Chain Maille Jewelry – Where to Start?
If you’re interested in making chain maille jewelry, you may be wondering where to start your journey.Â Chain maille, which is also spelled chainmaille and chain mail) is the amazing art (and sometimes science) of weaving with metal rings.Â Ready to find out more?Â Read on!
A Short History
Naturally, I want to share some of the history of this artwork.Â And originally, it was anything but artistic!
If you’ve watched the Lord of the Rings movies, you’ve seen chain maille in action.Â Remember Frodo’s garment made with Mithril?Â Well, that’s what chain maille was initially designed for. Protection in battle.
Two “families” were developed independently for armor.Â One is what is known as the European weaves, and the other is the Japanese weaves.Â They have very different looks and ways of linking the rings.Â Both made effective armor, and both make beautiful jewelry!
Rings and Things – Science of the Weave
It might seem pretty easy — grab some jump rings and start linking away.Â And in fact some chain maille jewelry patterns are simple linking.Â Simple linking, that is — but with beautiful results.Â But for some weaves, something called AR (Aspect Ratio) becomes very important in order to make the maille properly.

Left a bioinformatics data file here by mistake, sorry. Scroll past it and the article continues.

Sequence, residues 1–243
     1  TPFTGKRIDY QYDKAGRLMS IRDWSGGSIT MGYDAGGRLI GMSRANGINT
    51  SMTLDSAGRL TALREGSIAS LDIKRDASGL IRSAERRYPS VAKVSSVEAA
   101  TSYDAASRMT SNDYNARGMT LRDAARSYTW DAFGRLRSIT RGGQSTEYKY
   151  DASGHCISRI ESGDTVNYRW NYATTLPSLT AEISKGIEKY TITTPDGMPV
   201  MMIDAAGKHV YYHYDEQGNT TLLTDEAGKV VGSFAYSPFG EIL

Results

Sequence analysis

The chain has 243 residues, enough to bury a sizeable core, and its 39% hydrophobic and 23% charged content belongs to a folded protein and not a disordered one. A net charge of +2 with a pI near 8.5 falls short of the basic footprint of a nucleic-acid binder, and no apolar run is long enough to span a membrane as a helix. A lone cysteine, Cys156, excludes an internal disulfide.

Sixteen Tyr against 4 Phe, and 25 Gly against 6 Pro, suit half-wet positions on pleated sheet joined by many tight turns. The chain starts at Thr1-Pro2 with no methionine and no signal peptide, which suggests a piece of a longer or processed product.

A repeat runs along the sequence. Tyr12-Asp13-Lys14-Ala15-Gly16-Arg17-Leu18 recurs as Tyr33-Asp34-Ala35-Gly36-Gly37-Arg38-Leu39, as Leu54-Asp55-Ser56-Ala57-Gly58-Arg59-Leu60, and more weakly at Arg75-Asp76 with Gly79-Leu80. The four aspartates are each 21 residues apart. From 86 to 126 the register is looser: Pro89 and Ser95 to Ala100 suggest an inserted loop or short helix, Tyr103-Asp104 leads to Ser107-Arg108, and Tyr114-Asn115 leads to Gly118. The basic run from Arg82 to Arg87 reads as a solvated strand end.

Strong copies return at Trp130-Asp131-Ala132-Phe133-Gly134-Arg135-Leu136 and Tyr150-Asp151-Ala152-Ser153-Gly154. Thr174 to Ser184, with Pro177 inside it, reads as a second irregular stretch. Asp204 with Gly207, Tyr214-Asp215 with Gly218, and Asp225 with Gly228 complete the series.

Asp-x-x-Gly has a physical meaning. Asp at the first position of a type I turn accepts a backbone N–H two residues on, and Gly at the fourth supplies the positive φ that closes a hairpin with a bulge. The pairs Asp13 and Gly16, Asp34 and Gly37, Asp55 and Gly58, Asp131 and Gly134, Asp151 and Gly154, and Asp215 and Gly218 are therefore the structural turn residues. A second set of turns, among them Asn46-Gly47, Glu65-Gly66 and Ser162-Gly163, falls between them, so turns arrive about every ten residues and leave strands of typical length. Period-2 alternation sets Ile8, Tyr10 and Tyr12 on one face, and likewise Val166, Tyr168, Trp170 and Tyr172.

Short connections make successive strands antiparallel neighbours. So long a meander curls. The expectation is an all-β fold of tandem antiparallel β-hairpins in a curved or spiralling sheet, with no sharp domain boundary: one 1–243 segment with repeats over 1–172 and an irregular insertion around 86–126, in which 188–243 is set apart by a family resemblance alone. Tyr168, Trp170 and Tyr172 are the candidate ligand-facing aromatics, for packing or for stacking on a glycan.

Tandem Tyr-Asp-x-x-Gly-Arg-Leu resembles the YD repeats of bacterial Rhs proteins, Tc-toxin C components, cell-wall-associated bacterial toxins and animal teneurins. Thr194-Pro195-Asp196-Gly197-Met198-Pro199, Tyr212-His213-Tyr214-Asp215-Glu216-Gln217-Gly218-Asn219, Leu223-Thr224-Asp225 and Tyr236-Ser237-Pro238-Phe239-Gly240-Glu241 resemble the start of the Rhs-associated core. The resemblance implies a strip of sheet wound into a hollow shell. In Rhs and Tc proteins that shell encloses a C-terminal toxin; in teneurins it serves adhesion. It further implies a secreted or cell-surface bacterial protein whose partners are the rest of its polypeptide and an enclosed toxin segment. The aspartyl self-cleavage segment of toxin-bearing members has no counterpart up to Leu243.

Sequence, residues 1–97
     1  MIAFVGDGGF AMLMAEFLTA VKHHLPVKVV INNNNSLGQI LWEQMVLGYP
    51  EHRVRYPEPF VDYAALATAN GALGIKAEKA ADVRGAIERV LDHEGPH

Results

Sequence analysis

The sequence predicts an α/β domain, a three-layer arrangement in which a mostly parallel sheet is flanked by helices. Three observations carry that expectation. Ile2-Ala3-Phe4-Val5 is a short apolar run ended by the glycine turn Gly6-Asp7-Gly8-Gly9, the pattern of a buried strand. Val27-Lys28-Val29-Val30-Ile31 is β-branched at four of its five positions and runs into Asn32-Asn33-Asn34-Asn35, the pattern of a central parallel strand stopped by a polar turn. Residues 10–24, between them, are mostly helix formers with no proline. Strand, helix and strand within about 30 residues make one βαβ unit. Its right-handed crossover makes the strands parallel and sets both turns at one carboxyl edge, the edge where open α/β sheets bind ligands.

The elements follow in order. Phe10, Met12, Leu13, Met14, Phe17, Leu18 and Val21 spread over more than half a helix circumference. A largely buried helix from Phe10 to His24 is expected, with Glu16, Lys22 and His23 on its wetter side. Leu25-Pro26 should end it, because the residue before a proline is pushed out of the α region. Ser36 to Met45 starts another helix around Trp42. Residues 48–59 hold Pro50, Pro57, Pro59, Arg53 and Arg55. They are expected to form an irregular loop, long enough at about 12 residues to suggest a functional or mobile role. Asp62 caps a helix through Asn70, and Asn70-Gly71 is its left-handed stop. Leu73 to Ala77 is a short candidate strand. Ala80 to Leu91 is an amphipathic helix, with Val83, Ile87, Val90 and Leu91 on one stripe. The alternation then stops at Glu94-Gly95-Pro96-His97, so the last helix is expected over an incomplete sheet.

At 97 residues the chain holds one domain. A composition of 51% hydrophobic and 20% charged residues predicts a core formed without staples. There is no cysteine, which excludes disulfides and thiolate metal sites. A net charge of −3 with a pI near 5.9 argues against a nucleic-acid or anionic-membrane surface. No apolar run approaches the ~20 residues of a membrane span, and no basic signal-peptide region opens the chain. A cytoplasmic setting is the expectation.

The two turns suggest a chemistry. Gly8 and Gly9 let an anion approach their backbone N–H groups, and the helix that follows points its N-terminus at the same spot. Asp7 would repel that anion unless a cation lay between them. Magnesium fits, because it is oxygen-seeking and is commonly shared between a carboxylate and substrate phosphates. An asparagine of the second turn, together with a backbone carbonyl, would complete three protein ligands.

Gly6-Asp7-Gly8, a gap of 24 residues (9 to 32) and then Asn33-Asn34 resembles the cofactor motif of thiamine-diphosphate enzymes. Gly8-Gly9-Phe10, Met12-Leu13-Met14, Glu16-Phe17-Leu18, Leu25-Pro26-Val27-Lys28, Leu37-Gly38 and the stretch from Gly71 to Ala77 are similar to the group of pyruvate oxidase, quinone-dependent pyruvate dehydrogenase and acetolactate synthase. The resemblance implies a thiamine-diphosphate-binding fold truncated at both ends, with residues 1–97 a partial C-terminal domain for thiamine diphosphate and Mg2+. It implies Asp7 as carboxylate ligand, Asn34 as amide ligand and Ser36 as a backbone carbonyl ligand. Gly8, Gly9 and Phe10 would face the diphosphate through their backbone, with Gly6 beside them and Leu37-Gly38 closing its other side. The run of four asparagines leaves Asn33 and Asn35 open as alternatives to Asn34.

Aspect Ratio is the relationship of the wire gauge to the inner diameter of the ring.Â It’s important to know that when it comes to maille, rings are measured by their inside diameter (ID).Â But if you’re used to jewelry jump rings, those are usually measured by the outside diameter (OD).
I know — it’s all confusing.Â Not to worry; I created a little guide for you about translating wire gauge, OD, ID and AR.Â Yeah, and that probably doesn’t sound any less intimidating!Â Well, read/download the (free) Chain Maille Rings ebook and it does make it much easier.Â 🙂
And Now the Art
The art of the chain maille jewelry patterns is undeniable.Â The beauty of linking simple jump rings into sometimes exotic patterns.
To the left are two patterns.Â The top is a classic called Celtic Visions.Â The bottom is a related weave that I came up with when playing with Celtic Visions — I call my pattern “Celtic Kisses” because of the xoxoxo pattern.
Both are made the same way; the difference comes from the “science” side of the house — differences in AR and wire gauge.
When I originally started working with chain maille, sterling silver was inexpensive so that’s what I mainly used.Â These days, I am exploring other materials like enameled copper, anodized aluminum and bright aluminum.Â And coming shortly — I will be working with titanium!Â I am loving working with the colored rings.
Well, let me go for now and work on another article that will deal more with the ring metals — pros and cons.Â Catch you in a bit!